"The common denominator that people use as their defense is that (they) are growing it for their personal use only," Goetz said. If marijuana seized from a dealer, for example, matched that growing operation, it could counter such a defense, he said.
It could also help the state's drug enforcement officials track the trafficking patterns of marijuana by comparing where the marijuana was grown to where it is seized, Goetz said. "It could, theoretically, focus law enforcement's efforts on where to look for (growing operations.)"
In order to get the method to that level, though, Wooller said he needs time, money and many more samples of marijuana, either from known locations or that are grown in a laboratory, such as the state crime lab, under controlled conditions.
"We need more data," Wooller said. "We need more analyses of marijuana samples from known locations so we can create these base marijuana isotope maps."
Marmian Grimes | EurekAlert!
Reversing cause and effect is no trouble for quantum computers
20.07.2018 | Centre for Quantum Technologies at the National University of Singapore
Study suggests buried Internet infrastructure at risk as sea levels rise
18.07.2018 | University of Wisconsin-Madison
A new manufacturing technique uses a process similar to newspaper printing to form smoother and more flexible metals for making ultrafast electronic devices.
The low-cost process, developed by Purdue University researchers, combines tools already used in industry for manufacturing metals on a large scale, but uses...
For the first time ever, scientists have determined the cosmic origin of highest-energy neutrinos. A research group led by IceCube scientist Elisa Resconi, spokesperson of the Collaborative Research Center SFB1258 at the Technical University of Munich (TUM), provides an important piece of evidence that the particles detected by the IceCube neutrino telescope at the South Pole originate from a galaxy four billion light-years away from Earth.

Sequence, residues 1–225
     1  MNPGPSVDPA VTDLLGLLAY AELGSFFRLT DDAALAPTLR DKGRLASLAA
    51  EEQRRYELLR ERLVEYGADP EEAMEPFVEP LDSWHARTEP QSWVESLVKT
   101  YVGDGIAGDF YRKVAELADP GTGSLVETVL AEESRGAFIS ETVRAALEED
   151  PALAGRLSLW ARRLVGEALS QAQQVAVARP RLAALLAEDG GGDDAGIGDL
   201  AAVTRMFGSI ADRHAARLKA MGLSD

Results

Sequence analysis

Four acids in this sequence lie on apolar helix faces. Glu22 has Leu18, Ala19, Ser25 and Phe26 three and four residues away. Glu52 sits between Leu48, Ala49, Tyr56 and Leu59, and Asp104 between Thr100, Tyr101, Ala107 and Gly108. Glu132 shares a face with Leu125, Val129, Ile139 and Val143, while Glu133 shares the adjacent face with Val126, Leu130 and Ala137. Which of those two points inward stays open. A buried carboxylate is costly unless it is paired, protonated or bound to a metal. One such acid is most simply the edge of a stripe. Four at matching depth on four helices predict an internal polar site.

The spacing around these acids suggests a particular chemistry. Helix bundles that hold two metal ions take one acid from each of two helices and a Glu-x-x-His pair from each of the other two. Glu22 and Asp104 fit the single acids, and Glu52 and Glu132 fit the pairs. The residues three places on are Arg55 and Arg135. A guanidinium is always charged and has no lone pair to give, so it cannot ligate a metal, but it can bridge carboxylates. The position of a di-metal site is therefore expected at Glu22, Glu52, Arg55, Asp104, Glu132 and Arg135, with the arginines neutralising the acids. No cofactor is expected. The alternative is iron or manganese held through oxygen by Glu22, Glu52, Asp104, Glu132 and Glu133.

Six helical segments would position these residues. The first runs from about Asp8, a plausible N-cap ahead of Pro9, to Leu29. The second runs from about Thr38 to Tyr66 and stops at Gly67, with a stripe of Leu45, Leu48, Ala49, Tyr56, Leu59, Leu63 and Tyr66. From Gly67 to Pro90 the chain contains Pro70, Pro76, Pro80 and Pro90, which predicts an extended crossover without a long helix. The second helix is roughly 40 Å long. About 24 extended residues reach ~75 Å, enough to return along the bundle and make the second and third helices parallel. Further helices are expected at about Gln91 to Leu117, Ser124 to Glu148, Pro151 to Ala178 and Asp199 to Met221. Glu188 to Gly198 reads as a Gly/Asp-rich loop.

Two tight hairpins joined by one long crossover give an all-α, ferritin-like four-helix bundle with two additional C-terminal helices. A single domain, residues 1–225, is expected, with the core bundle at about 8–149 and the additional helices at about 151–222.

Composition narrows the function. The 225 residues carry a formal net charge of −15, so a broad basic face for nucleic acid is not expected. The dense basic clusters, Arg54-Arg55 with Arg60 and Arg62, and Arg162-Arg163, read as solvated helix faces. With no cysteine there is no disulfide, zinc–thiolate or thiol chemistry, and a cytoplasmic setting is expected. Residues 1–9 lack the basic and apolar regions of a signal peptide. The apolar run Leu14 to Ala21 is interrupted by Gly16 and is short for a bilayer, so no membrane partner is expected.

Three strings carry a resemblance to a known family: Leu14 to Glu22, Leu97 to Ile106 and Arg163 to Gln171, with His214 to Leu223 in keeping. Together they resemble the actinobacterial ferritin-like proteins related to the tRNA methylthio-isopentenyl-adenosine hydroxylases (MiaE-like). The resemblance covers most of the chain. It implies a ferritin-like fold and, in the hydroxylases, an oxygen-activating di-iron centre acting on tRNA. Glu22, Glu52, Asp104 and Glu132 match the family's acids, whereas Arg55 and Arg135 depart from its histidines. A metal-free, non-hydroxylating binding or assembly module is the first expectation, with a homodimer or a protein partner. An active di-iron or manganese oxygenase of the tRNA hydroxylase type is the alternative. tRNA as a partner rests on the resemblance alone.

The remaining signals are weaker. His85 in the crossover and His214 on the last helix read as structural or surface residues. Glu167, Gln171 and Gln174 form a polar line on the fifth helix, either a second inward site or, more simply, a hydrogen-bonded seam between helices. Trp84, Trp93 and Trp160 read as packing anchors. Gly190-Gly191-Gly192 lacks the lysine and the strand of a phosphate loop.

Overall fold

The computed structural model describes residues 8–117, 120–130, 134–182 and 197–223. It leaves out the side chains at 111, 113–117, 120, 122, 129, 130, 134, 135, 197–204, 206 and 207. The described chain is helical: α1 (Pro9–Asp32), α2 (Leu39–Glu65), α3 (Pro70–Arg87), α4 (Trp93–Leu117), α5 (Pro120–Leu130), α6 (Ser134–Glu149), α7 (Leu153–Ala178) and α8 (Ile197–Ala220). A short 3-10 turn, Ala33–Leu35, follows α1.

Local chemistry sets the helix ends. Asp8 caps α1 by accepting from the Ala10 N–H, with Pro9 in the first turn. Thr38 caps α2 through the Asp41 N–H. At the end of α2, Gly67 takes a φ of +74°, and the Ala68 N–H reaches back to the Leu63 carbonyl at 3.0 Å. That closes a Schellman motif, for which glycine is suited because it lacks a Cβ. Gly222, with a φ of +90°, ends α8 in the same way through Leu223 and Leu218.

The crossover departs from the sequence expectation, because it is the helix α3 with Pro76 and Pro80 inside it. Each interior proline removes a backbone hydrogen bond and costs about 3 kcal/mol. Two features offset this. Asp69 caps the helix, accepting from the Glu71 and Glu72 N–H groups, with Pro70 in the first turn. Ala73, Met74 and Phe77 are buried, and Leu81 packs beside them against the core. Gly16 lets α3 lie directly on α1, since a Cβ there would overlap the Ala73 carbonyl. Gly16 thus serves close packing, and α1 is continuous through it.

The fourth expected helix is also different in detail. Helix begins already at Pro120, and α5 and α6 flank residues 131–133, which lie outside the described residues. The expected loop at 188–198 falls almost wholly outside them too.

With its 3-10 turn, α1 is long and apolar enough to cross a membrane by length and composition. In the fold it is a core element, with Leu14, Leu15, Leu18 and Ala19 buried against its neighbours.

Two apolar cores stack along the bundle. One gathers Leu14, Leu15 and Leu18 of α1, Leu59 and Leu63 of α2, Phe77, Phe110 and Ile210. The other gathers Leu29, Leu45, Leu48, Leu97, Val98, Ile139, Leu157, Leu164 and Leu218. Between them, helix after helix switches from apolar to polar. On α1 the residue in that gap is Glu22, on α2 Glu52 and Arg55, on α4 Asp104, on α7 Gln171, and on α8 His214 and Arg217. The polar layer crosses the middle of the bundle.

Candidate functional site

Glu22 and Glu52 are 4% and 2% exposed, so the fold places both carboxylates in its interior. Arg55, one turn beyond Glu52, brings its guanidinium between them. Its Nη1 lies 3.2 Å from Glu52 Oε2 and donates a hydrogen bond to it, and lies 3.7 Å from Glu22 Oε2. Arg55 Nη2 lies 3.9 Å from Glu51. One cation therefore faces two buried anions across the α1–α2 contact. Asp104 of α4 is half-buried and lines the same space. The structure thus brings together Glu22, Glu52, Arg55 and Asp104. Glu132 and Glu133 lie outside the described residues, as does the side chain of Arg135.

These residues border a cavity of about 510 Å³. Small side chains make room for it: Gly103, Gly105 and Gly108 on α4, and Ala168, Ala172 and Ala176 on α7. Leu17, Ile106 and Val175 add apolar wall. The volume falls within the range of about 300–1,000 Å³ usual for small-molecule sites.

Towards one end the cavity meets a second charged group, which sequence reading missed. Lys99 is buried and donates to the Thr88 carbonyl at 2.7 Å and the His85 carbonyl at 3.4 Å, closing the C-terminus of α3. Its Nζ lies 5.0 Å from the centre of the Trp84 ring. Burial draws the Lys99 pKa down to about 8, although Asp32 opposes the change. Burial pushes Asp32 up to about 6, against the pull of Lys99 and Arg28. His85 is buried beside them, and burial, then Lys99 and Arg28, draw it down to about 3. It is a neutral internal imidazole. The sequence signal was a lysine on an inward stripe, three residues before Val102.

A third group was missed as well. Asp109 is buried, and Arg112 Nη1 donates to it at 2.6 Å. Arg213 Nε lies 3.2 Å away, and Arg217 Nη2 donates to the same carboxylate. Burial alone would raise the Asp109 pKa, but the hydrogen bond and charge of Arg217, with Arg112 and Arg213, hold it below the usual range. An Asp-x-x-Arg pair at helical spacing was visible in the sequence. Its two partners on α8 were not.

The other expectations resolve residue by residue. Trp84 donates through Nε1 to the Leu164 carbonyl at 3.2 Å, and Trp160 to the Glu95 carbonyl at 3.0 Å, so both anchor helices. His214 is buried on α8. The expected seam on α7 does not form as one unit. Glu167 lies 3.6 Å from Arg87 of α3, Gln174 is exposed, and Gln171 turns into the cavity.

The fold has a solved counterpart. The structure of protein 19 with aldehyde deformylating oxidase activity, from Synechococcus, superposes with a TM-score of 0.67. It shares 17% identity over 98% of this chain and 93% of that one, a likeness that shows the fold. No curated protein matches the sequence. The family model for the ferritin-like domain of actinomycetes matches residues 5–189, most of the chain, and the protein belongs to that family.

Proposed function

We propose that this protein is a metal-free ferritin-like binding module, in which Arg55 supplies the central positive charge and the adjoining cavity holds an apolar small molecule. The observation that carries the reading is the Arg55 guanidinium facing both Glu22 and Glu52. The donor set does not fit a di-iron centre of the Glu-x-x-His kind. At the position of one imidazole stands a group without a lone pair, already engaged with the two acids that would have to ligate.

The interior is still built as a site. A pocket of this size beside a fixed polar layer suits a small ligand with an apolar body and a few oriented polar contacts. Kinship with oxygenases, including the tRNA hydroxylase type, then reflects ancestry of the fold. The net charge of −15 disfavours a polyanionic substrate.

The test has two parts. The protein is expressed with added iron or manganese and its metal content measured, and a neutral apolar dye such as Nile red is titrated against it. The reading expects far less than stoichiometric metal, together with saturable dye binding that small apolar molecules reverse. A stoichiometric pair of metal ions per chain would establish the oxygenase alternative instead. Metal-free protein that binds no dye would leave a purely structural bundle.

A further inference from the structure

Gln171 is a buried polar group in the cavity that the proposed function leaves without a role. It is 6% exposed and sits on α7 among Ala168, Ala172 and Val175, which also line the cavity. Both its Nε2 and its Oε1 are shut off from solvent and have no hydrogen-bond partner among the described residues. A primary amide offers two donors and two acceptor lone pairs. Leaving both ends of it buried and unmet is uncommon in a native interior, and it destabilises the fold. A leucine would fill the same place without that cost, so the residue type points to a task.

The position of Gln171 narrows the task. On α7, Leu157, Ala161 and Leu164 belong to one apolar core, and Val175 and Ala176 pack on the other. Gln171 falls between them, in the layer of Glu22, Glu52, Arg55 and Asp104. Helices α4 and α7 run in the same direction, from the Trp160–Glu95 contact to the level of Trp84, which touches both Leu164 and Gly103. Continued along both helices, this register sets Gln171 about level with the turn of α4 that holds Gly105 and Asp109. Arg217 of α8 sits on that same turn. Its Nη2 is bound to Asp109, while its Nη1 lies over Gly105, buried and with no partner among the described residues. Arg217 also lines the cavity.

To rule out other origins with certainty, the team led by neutrino physicist Elisa Resconi from the Technical University of Munich and multi-wavelength...
For the first time a team of researchers have discovered two different phases of magnetic skyrmions in a single material. Physicists of the Technical Universities of Munich and Dresden and the University of Cologne can now better study and understand the properties of these magnetic structures, which are important for both basic research and applications.
Whirlpools are an everyday experience in a bath tub: When the water is drained a circular vortex is formed. Typically, such whirls are rather stable. Similar...
Physicists working with Roland Wester at the University of Innsbruck have investigated if and how chemical reactions can be influenced by targeted vibrational excitation of the reactants. They were able to demonstrate that excitation with a laser beam does not affect the efficiency of a chemical exchange reaction and that the excited molecular group acts only as a spectator in the reaction.
A frequently used reaction in organic chemistry is nucleophilic substitution. It plays, for example, an important role in in the synthesis of new chemical...
Optical spectroscopy allows investigating the energy structure and dynamic properties of complex quantum systems. Researchers from the University of Würzburg present two new approaches of coherent two-dimensional spectroscopy.
"Put an excitation into the system and observe how it evolves." According to physicist Professor Tobias Brixner, this is the credo of optical spectroscopy....
13.07.2018 | Event News
12.07.2018 | Event News
03.07.2018 | Event News
20.07.2018 | Power and Electrical Engineering
20.07.2018 | Information Technology
20.07.2018 | Materials Sciences